Something of substance

By Max Liles - Contributing Columnist

Max Liles

Max Liles

Substance use disorders (SUD): disease, choice, addiction, dependence – however you want to categorize or label the issue, at this point we’ve all heard of the opioid epidemic and we’re all familiar with the boom of the subsequent increased access to treatment that has followed.

Substance use disorders are a polarizing topic; one that brings about emotional reactions and responses from community members based on their effect of the local economy, families, and overall invasiveness.

There has been much work done to streamline and refine access to treatment, diagnosing behavioral health disorders, how those diagnosis are derived and what resources are provided to individuals seeking help. With that being said, let’s unpack some of the absolute truths about the disease characteristics of a substance use disorder.

1) It is PRIMARY

Often, people will look for the cause of a person’s excessive drinking or using – “He’s going through a lot right now.”

Sometimes, people will use their circumstances to justify their excessive drinking or using – “If you had my life, you’d drink, too!” (and you would).

Rather – substance use disorders are not inherently cause by anything else; that’s what PRIMARY means.

Can people be pre-disposed to the development of an SUD based on heredity? Yes.

Can people behave in thru their drinking and using that develops an SUD? Absolutely.

Can a person’s environment contribute to the likelihood of developing an SUD? Sure.

But with all that being said, that’s all it takes: a person and the substance. Nothing has to “cause” the disorder – it can present by itself.


Flo will not be doing a car insurance commercial, although I am plugged in with Sherman-Kricker (shop local).

SUD’s themselves get worse – especially without treatment interventions… ESPECIALLY if a person is continuing to use.

If someone has an assessment at the age of 24 and is diagnosed with a moderate substance use disorder (meeting 4-5 criteria), and doesn’t engage in a recommended treatment program, it is likely that they

are going to present later in their lives for another assessment where they will be diagnosed as a severe substance use disorder case (meeting 6 or more criteria).

What PROGRESSIVE means is, the disease gets worse.

Point blank, people don’t use forever: they either get help and change or they die.

3) It is CHRONIC

And not the beloved Dr. Dre Album (1992 or 2001), nor are we talking high-grade devils lettuce.

CHRONIC means that a condition is persistent; permanent; long-lasting. It’s not going anywhere.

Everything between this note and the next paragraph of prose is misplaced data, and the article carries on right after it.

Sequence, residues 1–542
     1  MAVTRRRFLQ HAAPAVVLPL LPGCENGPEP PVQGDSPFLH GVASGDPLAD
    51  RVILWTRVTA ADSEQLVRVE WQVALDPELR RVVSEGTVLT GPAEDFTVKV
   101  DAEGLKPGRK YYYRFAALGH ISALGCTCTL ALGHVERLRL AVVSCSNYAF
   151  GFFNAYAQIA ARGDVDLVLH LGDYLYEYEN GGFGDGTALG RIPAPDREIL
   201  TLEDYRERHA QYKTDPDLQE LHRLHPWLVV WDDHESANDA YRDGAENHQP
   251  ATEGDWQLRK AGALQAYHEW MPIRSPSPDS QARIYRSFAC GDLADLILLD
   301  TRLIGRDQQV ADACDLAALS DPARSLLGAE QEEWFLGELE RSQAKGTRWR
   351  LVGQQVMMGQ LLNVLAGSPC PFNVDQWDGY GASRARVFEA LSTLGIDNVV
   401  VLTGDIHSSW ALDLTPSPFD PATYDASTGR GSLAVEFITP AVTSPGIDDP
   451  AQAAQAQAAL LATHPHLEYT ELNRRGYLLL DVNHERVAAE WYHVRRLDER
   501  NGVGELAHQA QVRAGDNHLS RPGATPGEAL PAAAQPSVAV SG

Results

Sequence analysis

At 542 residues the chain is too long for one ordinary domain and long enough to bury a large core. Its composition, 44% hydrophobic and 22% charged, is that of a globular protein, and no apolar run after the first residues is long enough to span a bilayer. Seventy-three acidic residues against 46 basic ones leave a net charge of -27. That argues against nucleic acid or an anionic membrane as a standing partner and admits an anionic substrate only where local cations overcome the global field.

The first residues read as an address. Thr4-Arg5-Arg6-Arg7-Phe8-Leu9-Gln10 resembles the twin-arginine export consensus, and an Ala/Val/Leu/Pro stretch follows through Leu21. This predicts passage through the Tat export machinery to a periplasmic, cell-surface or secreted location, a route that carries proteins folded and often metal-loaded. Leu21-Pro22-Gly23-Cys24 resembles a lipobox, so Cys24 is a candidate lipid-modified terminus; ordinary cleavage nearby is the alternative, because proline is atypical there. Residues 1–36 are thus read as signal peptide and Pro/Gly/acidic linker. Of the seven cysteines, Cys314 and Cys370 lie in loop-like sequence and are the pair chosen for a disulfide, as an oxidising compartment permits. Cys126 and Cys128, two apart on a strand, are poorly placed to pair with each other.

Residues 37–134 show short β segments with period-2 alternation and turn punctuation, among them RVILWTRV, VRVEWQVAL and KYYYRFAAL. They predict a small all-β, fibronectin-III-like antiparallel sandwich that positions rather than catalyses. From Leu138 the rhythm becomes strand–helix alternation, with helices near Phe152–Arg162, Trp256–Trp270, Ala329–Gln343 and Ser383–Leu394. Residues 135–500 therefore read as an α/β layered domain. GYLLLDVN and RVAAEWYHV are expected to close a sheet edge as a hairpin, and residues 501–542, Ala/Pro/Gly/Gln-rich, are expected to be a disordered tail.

This is why long term treatment, at appropriate levels of structure and dosage are important.

As a general rule of thumb, the longer a person can stay connected to suitable treatment based on their assessed needs the more likely they are to get into and remain in sustained remission of their SUD. My rule of thumb is 1 year (AKA Max Liles 1 Year plan for your life), give or take 3 to 6 months either way based on severity of the case.

Treatment works. We do recover.

4) It is FATAL

This is the most dangerous characteristic of a substance use disorder, and we’ve already touched on it – BUT to REALLY drive this point home… it can kill you.

Harm Reduction Ohio cites that drug overdose deaths have surpassed over 3,000 since 2015. That number jumped to over 4,000 in 2016, 2017, and 2019. It is estimated that 94,000 succumbed to an overdose in 2020. That is terrifying.

If you are a person that I actively using, PLEASE don’t use alone and get ahold of some Narcan. If you don’t know how to get ahold of it – reach out to The Counseling Center.


If #4 totally wigged you out – we’ve got some good news…

You don’t have to die in the perils of active addiction. Help is available and we want to be one of the connecting pieces to you getting your life back. Treatment is more accessible than ever before: through service improvements and growth within our own agency and the surrounding area; by way of Medicaid Expansion (Thanks Obama); with increased community collaborations and partnerships.

If you or someone you love is struggling, please reach out to us at one of the numbers below. We’re waiting on you.

Talk to your friends and family. Show people this information. Support one another.

Max Liles Liles

By Max Liles

Contributing Columnist

Max Liles is the Senior Director of The counseling center, INC. He can be reached at 740-357-7693 or visit

Max Liles is the Senior Director of The counseling center, INC. He can be reached at 740-357-7693 or visit